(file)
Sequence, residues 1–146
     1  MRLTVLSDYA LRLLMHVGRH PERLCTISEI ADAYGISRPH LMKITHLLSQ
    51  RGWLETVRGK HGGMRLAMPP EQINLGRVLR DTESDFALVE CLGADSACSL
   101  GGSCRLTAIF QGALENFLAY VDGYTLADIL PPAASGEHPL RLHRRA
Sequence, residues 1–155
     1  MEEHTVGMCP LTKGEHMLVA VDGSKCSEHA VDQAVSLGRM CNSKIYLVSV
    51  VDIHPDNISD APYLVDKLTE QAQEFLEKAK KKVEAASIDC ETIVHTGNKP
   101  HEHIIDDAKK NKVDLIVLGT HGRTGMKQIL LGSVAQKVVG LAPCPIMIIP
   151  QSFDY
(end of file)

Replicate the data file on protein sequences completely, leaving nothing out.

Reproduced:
Sequence, residues 1–146
     1  MRLTVLSDYA LRLLMHVGRH PERLCTISEI ADAYGISRPH LMKITHLLSQ
    51  RGWLETVRGK HGGMRLAMPP EQINLGRVLR DTESDFALVE CLGADSACSL
   101  GGSCRLTAIF QGALENFLAY VDGYTLADIL PPAASGEHPL RLHRRA
Sequence, residues 1–155
     1  MEEHTVGMCP LTKGEHMLVA VDGSKCSEHA VDQAVSLGRM CNSKIYLVSV
    51  VDIHPDNISD APYLVDKLTE QAQEFLEKAK KKVEAASIDC ETIVHTGNKP
   101  HEHIIDDAKK NKVDLIVLGT HGRTGMKQIL LGSVAQKVVG LAPCPIMIIP
   151  QSFDY